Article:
Swimming Pool and Spa Pumps - Correct Sizing Techniques
Your swimming pool or spa pump has pumped its last gallon of water and it looks like it's time to purchase a new one. Since more horsepower is always better, it certainly would be a good idea to purchase a more powerful pump. Wrong! Use caution when deciding to install a new pump if you are going to increase the horsepower of the unit.
First, review the gallon per minute flow chart of the pump you are considering. Most equipment manufactures provide flow specifications of each one they manufacture. How much water flow does the unit you are considering produce? Next, review your existing filter characteristics, again, most manufactures provide flow rates for their filter models. What is the maximum amount of water flow in gallons per minute that your filter will allow? Make sure that you new pump will not exceed the allowable filter flow, as damage can be done to the filter housing and to the filter internals. Also keep in mind that the pool and or spa piping has been designed with its own flow characteristics. Trying to put to much flow through the piping can also cause damage to your plumbing system (Pressure Side). The suction side piping has also been designed to accept a certain amount of flow. Trying to "pull" more water through a piping system than what the system has been designed for will also cause issues and problems. If a larger horsepower pump can not receive all the water flow that is required for it to function properly, the pump will most likely cavitate, trying to seek and find enough water flow to allow it to operate correctly.
As you do you research and make your decisions about your new pump, it will become clear that your existing horsepower pump might be the best size for your swimming pool and or spa system. Also keep in minds that if you are replacing a very old inefficient pump with a new high efficient unit, check the water flow characteristics of the newer pump. Many new high efficient pumps push more water than the older style pumps. Larger horsepower pumps also require additional electrical energy thus resulting in higher electrical costs. Many times it is best to consult with a swimming pool professional that can ask questions about your pool system and help you determine the best style and type of pump which will operate best in your situation. Keep the water flowing at just the right flow rate and have an enjoyable crystal blue pool and spa today.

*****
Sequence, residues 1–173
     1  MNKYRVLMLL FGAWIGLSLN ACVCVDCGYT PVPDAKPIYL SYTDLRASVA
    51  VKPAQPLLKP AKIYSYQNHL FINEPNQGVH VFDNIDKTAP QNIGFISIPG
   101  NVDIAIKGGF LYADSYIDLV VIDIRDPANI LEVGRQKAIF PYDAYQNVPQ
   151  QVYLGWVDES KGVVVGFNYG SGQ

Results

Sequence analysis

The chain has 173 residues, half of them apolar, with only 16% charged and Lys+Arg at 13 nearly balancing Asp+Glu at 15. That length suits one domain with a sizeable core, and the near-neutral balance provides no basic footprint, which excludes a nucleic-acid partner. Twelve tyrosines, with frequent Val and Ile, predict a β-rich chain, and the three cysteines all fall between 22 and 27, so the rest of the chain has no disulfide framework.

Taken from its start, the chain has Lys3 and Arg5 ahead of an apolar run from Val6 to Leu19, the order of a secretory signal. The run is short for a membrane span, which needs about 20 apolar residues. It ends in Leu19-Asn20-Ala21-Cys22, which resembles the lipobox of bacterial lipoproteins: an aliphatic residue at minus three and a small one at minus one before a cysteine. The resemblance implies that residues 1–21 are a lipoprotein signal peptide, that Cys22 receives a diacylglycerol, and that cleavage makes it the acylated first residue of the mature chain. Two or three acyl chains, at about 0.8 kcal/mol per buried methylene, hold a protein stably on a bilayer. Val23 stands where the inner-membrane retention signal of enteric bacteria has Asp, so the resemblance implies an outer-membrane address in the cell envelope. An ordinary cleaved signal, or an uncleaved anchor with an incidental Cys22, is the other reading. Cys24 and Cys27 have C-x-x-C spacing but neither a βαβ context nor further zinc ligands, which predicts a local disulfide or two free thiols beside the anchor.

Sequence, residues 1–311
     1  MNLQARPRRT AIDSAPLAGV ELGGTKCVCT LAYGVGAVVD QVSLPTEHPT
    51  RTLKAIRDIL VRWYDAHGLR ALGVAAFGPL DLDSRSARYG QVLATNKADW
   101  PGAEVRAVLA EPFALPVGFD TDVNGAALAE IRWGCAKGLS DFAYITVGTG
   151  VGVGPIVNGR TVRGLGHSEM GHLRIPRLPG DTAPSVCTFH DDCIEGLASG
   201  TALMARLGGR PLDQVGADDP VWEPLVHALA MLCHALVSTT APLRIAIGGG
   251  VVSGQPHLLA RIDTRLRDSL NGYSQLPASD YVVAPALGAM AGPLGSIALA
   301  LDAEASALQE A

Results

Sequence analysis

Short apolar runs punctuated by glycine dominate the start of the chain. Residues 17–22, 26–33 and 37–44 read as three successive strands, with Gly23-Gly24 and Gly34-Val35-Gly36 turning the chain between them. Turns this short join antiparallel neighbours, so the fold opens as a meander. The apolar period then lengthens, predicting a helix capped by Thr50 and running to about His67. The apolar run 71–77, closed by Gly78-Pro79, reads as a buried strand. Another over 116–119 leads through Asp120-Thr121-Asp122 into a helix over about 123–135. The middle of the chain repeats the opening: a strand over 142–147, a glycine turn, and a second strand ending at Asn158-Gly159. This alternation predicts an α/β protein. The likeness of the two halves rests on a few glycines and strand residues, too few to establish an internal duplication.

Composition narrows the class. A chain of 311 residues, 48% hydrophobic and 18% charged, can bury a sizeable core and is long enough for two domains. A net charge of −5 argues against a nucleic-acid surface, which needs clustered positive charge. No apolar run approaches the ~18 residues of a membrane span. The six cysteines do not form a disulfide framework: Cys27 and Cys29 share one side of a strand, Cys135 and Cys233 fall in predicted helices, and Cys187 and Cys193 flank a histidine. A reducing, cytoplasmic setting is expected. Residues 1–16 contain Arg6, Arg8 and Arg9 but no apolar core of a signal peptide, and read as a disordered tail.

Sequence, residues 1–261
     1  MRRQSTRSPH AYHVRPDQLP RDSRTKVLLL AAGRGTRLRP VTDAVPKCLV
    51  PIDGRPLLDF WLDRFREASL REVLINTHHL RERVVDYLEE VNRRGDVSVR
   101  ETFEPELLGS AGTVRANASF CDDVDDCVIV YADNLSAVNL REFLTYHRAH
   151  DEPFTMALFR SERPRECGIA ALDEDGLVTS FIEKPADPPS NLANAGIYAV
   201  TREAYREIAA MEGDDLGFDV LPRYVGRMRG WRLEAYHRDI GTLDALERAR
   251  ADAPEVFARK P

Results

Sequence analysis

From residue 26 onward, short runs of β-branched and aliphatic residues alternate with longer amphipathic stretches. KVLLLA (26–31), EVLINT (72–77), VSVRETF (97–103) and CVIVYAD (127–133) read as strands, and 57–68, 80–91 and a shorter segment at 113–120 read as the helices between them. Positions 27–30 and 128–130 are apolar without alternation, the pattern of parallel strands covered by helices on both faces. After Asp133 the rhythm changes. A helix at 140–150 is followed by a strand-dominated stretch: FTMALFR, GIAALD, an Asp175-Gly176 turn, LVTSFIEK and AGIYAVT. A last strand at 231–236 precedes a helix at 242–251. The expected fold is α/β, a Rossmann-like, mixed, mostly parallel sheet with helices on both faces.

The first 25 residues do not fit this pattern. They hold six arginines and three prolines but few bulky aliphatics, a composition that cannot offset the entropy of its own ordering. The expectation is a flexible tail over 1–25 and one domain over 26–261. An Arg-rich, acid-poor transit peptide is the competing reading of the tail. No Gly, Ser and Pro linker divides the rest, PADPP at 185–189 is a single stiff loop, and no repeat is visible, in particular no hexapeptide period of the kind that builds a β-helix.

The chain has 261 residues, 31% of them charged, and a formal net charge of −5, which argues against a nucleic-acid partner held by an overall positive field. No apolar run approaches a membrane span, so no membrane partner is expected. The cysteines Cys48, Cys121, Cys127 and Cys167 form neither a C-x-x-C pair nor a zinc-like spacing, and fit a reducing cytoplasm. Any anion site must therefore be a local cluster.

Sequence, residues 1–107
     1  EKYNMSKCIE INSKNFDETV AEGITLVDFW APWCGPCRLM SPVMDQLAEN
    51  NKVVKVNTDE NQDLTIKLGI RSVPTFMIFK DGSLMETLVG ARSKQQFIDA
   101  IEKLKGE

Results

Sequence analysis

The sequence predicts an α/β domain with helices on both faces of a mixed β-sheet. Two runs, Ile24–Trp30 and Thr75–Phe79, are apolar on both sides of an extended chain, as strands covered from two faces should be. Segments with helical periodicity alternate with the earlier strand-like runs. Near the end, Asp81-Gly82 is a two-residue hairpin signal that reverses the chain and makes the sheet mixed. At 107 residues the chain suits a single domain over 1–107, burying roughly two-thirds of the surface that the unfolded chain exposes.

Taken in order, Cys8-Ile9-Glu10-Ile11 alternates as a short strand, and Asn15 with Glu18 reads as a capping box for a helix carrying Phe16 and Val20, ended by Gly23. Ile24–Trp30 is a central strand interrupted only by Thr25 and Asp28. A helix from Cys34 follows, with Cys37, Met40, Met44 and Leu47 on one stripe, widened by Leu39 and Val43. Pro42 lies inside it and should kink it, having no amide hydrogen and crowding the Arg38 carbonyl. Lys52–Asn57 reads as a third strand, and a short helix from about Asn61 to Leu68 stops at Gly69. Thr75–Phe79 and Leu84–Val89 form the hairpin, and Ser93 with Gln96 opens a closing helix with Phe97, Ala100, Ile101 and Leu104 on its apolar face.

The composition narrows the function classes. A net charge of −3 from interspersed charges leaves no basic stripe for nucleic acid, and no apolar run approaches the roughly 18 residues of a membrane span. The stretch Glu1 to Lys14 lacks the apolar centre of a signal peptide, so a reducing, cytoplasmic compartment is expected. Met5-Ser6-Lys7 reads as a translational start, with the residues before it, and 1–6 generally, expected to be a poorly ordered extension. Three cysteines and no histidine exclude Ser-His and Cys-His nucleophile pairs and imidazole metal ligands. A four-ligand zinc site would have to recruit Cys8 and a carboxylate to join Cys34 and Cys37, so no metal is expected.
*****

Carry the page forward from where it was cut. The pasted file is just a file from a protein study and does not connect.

Ron Burr graduated from Florida Atlantic University in 1978 with a degree in Music Education. Ron has been in the swimming industry since for over 30 years and is currently a State of Florida licensed swimming pool and spa contractor. Ron is also the owner of One Stop Pool Supplies http://www.onestoppoolsupplies.com
a great place to shop for all your swimming pool and spa supplies.
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